Find a Grave
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Type of site
|Alexa rank||5,231 (October 2018[update])|
It receives and uploads digital photographs of headstones from burial sites, taken by unpaid volunteers at cemeteries. Find a Grave then posts the photo on its website.
The site was created in 1995 by Salt Lake City resident Jim Tipton (born in Alma, Michigan) to support his hobby of visiting the burial sites of celebrities. He later added an online forum. Find a Grave was launched as a commercial entity in 1998, first as a trade name and then incorporated in 2000. The site later expanded to include graves of non-celebrities, in order to allow online visitors to pay respect to their deceased relatives or friends.
In 2013, Tipton sold Find a Grave to Ancestry.com, saying that the genealogy company had "been linking and driving traffic to the site for several years. Burial information is a wonderful source for people researching their family history." In a September 30, 2013, press release, Ancestry.com officials said they would "launch a new mobile app, improve customer support, [and] introduce an enhanced edit system for submitting updates to memorials, foreign-language support, and other site improvements."
In March 2017, a beta website for a redesigned Find a Grave was launched at gravestage.com. Public feedback was overwhelmingly negative. Sometime between May 29 and July 10 of that year, the beta website was migrated to new.findagrave.com, and a new front end for it was deployed at beta.findagrave.com. In November 2017, the new site became live and the old site was deprecated. On August 20, 2018, the original Find a Grave website was retired.
Content and featuresEdit
The website contains listings of cemeteries and graves from around the world. American cemeteries are organized by state and county, and many cemetery records contain Google Maps (with GPS coordinates supplied by contributors) and photographs of the cemeteries and gravesites. Individual grave records may contain dates and places of birth and death, biographical information, cemetery and plot information, photographs (of the grave marker, the individual, etc.), and contributor information.
Contributors must register as members to submit listings, called memorials, on the site. The submitter becomes the manager of the listing but may transfer management. Only the current manager of a listing may edit it, although any member may use the site's features to send correction requests to the listing's manager. Managers may add links to other listings of deceased spouses, parents, and siblings for genealogical purposes.
Any member may also add photographs and notations to individual listings; notations may include images of flowers, flags, religious or other symbols, and often include a message of sympathy or condolence. Members may post requests for photos of a specific grave; these requests will be automatically sent to other members who have registered their location as being near that grave.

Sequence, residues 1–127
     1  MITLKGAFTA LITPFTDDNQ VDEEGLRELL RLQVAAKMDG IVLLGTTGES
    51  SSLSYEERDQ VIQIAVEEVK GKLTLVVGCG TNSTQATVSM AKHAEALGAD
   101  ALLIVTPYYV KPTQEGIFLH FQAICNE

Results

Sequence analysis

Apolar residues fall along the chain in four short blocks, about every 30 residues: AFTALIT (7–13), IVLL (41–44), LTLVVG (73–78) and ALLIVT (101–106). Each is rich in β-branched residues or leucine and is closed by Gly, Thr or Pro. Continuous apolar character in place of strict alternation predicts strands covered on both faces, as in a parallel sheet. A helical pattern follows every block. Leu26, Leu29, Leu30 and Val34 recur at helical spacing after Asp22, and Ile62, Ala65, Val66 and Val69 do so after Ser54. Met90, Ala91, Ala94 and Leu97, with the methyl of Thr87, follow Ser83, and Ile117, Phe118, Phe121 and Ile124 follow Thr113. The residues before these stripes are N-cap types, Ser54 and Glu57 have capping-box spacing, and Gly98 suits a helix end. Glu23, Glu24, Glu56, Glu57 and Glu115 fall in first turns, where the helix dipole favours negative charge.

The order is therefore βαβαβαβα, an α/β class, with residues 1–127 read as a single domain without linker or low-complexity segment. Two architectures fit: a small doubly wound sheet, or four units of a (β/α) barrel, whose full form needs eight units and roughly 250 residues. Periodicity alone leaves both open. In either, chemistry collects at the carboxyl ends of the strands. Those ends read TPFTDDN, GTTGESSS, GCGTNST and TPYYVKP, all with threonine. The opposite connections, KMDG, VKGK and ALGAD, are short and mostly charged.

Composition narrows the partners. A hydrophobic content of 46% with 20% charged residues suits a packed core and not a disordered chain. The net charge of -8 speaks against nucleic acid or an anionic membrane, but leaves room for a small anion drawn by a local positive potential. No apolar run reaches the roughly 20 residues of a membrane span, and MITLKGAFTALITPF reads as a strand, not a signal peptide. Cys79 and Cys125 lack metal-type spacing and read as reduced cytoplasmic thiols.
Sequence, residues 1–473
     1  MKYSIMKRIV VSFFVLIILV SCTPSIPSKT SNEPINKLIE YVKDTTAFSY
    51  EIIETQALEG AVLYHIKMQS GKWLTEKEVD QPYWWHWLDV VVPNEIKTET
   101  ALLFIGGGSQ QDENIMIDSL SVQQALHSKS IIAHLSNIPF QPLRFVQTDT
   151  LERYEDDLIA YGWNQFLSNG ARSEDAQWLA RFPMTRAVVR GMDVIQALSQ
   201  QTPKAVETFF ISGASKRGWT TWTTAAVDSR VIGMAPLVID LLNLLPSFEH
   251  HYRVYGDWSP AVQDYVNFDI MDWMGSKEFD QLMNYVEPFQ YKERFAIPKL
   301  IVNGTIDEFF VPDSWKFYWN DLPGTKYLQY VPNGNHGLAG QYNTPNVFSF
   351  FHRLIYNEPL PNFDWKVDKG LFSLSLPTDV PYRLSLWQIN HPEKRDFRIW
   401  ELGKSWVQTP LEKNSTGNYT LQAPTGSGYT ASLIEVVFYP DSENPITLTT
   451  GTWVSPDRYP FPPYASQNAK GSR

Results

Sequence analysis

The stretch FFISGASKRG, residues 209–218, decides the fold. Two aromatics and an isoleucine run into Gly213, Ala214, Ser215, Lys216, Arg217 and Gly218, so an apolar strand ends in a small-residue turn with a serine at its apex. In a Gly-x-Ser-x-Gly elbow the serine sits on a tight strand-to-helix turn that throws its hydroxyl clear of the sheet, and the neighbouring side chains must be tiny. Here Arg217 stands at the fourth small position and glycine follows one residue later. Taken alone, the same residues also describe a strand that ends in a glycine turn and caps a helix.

Although it does not ask permission from immediate family members before uploading the photos, it will remove and take down photos or a URL for a deceased loved one at the request of an immediate family member.
Find a Grave also maintains lists of memorials of famous persons by their "claim to fame", such as Medal of Honor recipients, religious figures, and educators. Find a Grave exercises editorial control over these listings.
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"At some point, I said, 'I am sick of drawing the lines of who is famous and who isn't. I'm just going to accept everyone,' " Tipton says.
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BETA is live and running in parallel with the old site. Now is the time for visitors and memorial owners to help test and improve the site.
- "Find A Grave Help". Find A Grave. Ancestry.com.
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- Moody, Sharon Tate (January 24, 2010). "Find A Grave can shorten the search". The Tampa Tribune. Tampa Media Group. Retrieved December 28, 2011.
The entries with tombstone photographs obviously are reliable, but if the entry is based only on a paper record of the interment (without a photograph), it's easy to mistype the date, so you're bound to find errors.
- "Find A Grave member: International Wargraves Photography Project". Find a Grave. Ancestry.com. Retrieved December 22, 2017.
- "Find A Grave Help: How do I request a grave photo?". Find a Grave. Ancestry.com. Retrieved December 22, 2017.
- How do I delete a photo? Archived February 2, 2017, at the Wayback Machine[failed verification]
- "Claim to Fame: Medal of Honor Recipients". Find a Grave. Ancestry.com. Retrieved December 22, 2017.
- "Claim to Fame: Religious figures". Find a Grave. Ancestry.com. Retrieved December 22, 2017.
- "Claim to Fame: Educators". Find a Grave. Ancestry.com. Retrieved December 22, 2017.
- "What are the standards for a famous Bio?". Find a Grave. Ancestry.com. Retrieved December 22, 2017.
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- Dehler, Tamie (October 13, 2007). "Genealogy: 'Find a Grave' tremendous on many different levels". Tribune-Star. Terre Haute, Indiana: Community Newspaper Holdings. Archived from the original on May 14, 2011. Retrieved September 28, 2011.
- King, Peter (October 2, 2009). "Tip: Find a Grave has info you're dying to know". Newsday. Melville, New York: Cablevision. Retrieved September 28, 2011.(registration required)
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